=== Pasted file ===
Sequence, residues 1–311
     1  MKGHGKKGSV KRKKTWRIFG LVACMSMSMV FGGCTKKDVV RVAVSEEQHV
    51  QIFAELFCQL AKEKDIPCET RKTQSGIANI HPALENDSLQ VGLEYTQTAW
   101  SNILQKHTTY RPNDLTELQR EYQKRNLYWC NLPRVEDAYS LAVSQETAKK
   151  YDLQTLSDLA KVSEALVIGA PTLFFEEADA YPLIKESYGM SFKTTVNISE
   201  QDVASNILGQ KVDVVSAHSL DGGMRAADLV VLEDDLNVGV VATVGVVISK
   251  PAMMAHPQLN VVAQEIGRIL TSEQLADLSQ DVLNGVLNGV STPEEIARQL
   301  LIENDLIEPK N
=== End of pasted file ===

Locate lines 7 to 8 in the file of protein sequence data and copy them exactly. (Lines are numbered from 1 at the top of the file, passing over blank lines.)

   251  PAMMAHPQLN VVAQEIGRIL TSEQLADLSQ DVLNGVLNGV STPEEIARQL
   301  LIENDLIEPK N